On one corner of either speaker you’ll find a 3.5mm jack input to ensure compatibility with non-Bluetooth devices, and on another side a micro-USB socket for charging. Otherwise, externally there’s little else to mention other than some model information on the bottom of the speaker, and a large M or S to denote the size of the speaker.

 

The Sound

Portable speakers – what do you expect for less than £40 in the case of the M, and £30 for the S?  Well, there was no ground-breaking moments when I tried the MOVEs, but as is to be expected, the M gave a significantly warmer and fuller sound than the S, though the smaller model will still give you significantly superior audio than any built in phone speakers will.

To put them to the test, I set up the M with a HTC One Max and the S with an original HTC One, which seemed like logical pairing to me.  Next, using the power of my own dexterity and Google Play Music, I queued up tracks to play simultaneously through each speaker.  After first ensuring that ‘Beats’ audio enhancement was turned off, I then played around with the volume settings to discern the quality of each speaker.  I also played the same track through the HTC One’s speaker with Beats on and off to see how things stacked up to what I believe are the best set of speakers in any phone currently available.

NudewithHTC

After listening through an eclectic mix of Beastie Boys, Lord Of The Rings soundtrack, Fleet Foxes, Neil Young and many more, I was perfectly satisfied with the sonic performance, particularly from the larger of the two speakers.  The M’s sound was generally warm and full as long as you didn’t crank it all the way to the highest volume level where things started to distort somewhat.  As I had expected, the S faired not quite so well, with less bass and muddier mid-range tones, although it is still sonically a good level better than any other mini speaker I’ve tested before.

I can’t give you any real detailed technical specifications of either speaker, because Nude don’t list them.  What I can tell you is that the M has a 40mm driver with a bass port that are both upward firing.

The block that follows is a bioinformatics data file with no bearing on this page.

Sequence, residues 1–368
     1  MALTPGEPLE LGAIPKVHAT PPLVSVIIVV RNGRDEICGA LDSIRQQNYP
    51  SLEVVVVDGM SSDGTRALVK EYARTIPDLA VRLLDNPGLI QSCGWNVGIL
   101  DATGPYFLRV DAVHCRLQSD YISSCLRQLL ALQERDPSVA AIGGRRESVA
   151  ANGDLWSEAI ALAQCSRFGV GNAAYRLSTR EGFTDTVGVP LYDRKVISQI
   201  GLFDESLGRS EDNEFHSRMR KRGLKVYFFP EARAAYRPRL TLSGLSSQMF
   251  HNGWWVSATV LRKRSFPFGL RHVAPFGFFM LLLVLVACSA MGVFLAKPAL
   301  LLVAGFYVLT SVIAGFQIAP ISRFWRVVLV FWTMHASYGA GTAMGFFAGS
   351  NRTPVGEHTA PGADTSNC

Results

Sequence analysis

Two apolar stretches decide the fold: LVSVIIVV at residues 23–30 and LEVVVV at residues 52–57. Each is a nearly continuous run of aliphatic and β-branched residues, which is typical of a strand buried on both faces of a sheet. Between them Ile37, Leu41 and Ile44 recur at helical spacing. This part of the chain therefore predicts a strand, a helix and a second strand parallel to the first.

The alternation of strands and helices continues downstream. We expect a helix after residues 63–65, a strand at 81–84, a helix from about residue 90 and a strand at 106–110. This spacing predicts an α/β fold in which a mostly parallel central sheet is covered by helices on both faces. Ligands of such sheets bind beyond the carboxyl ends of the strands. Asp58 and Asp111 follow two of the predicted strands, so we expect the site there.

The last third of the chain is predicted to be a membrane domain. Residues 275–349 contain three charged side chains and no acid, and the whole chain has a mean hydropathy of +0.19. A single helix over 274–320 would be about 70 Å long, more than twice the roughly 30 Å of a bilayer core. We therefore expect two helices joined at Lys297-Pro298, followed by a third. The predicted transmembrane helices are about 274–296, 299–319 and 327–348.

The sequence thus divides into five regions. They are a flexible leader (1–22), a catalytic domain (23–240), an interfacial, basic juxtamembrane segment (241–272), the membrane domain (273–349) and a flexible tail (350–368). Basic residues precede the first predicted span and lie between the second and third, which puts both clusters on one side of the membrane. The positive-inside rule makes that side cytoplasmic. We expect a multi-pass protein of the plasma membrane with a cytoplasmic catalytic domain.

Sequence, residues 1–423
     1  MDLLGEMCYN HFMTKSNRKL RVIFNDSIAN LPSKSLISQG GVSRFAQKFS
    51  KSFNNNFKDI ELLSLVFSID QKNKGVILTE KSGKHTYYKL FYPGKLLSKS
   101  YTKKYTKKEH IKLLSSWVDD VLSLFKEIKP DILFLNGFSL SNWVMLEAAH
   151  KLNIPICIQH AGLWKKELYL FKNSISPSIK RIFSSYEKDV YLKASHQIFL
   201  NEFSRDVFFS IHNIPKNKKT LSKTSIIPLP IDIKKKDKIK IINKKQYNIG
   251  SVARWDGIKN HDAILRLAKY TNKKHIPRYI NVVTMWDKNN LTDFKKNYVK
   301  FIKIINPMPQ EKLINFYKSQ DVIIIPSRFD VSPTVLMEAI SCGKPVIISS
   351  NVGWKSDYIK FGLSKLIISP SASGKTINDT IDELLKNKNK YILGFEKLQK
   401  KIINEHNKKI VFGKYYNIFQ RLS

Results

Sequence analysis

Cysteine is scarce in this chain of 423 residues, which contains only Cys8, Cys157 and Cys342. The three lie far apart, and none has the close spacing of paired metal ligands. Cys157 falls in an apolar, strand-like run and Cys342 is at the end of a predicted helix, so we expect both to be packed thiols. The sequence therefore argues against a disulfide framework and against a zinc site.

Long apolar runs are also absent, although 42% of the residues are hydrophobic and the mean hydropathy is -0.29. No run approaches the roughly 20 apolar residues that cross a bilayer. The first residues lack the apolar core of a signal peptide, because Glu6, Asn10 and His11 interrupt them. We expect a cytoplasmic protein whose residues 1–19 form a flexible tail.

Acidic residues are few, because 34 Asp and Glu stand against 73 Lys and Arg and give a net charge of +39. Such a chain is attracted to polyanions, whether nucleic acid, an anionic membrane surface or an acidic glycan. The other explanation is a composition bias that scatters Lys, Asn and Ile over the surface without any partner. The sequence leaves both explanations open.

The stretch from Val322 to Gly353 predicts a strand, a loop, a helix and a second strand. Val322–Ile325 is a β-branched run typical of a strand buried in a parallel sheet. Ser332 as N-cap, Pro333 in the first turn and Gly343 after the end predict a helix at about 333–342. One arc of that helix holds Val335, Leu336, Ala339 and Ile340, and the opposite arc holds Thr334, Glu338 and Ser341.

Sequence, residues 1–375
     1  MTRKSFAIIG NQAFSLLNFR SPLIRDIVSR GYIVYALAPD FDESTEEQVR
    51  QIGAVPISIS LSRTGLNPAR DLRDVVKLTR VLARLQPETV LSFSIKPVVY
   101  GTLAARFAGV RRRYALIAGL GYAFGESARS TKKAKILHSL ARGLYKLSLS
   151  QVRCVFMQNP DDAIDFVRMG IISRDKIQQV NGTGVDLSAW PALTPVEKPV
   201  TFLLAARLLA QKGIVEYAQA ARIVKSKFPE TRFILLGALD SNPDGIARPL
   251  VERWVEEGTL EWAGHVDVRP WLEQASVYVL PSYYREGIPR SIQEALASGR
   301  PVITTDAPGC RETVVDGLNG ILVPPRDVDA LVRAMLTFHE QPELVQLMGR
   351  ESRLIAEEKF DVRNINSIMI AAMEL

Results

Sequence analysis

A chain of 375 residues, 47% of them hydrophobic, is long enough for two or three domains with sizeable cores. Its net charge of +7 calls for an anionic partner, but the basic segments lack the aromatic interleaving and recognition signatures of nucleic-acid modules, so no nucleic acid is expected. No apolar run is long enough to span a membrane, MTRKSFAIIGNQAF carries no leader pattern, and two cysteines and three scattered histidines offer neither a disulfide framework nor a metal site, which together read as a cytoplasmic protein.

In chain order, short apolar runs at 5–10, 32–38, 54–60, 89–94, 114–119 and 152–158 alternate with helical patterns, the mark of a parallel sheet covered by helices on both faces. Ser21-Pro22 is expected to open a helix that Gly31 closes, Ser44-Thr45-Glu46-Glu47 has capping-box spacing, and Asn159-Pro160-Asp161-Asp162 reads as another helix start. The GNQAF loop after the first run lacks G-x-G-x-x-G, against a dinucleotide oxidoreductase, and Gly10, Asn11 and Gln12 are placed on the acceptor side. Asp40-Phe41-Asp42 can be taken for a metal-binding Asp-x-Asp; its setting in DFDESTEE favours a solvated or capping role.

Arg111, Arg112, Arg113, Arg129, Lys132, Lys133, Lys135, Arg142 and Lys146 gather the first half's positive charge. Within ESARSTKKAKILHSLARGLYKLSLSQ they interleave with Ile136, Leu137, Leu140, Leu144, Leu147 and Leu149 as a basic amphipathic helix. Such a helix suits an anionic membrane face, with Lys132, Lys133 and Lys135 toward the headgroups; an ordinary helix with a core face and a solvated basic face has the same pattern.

Conclusion

So I got jiggy with the MOVE speakers from NudeAudio, and what did I find?  Well apart from an otherwise lacking selection of punnery I found both of these Bluetooth portable speakers to be a pleasant surprise.  There’s absolutely no threat for the Bose Sound-docks and other higher end party starters, though when you put the £39 price-tag of the Nude M up against similar rivals, it comes out remarkably well both in the audio and design departments.

For £29 the S represents reasonable value for money and is certainly a better choice than the endless amount of re-branded wire-only ‘X-Mini’ style speakers.  The sound lacks a little on both at higher volumes, but for bedrooms, tents or other more diminutive party venues, they offer a beautifully finished alternative to the predominantly useless speakers that tablets and smartphones are limited to.

 

Positives

+ Simple yet pleasing design.

+ Very attractive pricing.

+ Bluetooth works flawlessly (with cool noises!).

+ Long lasting battery life.

+ Useful addition of 3.5mm jack on both.

+ Handy speakerphone on ‘M’ model.

 

Negatives

– Sound quality deteriorates quickly at higher volumes.

– Model S lacks bass oomph.

 

Model ‘S’

8

Model ‘M’

9

 

Price: S – £29 / M – £39
More InfoNudeAudio
Audio Specs: 40mm drivers, unknown audio specification.
Accessories: 40cm micro-USB charging cable, cloth carry case.